Twitter Talk

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I chat with a lot of people who tell me that they don’t “get Twitter.”  They often open up accounts or look at, but are intimidated by how one actually talks to other people on this platform.

Initial perceptions are that one just shares random thoughts about their lunch-time preferences.  And while a person can certainly do that on Twitter, there is so much more that is possible.

In a recent conversation, one of my friends pushed me and asked, “What are you thinking when you engage on Twitter?  Do you have a certain number of tweets where you intentionally act one way or another?”

This got me thinking about what I do on Twitter. And while some people probably do wonder what I’m thinking when I tweet, I have learned that how one communicates speaks volumes about who they are both online and in the real world.

People that I find fun to engage with usually share a balanced mix of the following on Twitter:

  • What they are doing in their lives personally
  • What they are doing in their profession (this could include books they are reading, conferences they are enjoying, news about trends in one’s profession or other work-related activities)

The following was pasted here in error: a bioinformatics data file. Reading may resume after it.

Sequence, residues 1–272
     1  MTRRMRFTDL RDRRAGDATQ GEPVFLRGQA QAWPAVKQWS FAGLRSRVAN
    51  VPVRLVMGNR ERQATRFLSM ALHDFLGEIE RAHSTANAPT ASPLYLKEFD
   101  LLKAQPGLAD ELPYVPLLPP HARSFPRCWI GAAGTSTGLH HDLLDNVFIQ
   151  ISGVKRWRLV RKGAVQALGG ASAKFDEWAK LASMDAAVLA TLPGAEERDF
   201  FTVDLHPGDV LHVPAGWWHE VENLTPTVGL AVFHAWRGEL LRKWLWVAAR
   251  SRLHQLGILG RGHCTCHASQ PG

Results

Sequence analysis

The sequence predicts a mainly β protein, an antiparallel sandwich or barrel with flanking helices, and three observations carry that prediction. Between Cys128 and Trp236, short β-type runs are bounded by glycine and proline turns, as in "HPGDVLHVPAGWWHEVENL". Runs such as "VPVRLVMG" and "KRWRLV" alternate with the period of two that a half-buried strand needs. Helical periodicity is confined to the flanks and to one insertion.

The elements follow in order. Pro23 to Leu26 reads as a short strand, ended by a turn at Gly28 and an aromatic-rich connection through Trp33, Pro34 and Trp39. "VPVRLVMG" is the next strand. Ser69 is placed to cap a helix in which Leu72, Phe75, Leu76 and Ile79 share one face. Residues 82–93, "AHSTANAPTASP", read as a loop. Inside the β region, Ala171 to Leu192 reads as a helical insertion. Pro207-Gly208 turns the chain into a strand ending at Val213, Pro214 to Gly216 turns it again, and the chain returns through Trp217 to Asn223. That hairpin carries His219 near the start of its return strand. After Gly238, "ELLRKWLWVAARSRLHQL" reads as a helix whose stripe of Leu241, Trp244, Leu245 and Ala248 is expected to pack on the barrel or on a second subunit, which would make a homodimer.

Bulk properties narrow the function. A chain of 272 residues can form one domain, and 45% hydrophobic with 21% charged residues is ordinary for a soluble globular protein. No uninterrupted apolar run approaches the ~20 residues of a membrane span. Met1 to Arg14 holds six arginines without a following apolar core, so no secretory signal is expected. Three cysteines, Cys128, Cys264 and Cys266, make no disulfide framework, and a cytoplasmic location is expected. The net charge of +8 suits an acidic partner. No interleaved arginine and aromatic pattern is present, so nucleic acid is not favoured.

• Commentary on what they see occuring in the world around them (these illustrate opinions, beliefs and sometimes even visions for the future)
  • Content they are creating on blogs or in other news venues (these tweets often include weblinks to that information)
  • Talking to other people (through the use of mentions which look like @username)
  • Sharing or retweeting comments that they like (when you see a RT in front of someone’s tweet, this illustrates that the information is being shared again either because it is liked or felt to be important to another audience).

These 6 ways of communicating cover the very basics of talking on Twitter.  It’s not hard to choose how you prefer to engage, but each of these methods help to reveal layers of your personality and your contributions to the Twitter community.

It may seem a little crazy at first, but it truly is a powerful way to communicate in very short character bursts.  And while I still hear people say “how can you communicate anything in 140 characters?,” I now believe that if you can’t summarize your comments in less than 140, you might wonder if it was worth being said at all.


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